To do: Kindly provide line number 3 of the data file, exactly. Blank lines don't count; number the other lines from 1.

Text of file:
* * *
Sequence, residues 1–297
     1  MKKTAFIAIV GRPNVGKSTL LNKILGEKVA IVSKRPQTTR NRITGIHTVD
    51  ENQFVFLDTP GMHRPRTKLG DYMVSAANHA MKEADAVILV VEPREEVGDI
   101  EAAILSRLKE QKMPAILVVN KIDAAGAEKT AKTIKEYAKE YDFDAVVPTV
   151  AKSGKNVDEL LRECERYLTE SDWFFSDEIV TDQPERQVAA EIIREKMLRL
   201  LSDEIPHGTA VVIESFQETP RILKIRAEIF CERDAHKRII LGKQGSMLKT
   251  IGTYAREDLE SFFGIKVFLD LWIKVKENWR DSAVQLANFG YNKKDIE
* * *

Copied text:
    51  ENQFVFLDTP GMHRPRTKLG DYMVSAANHA MKEADAVILV VEPREEVGDI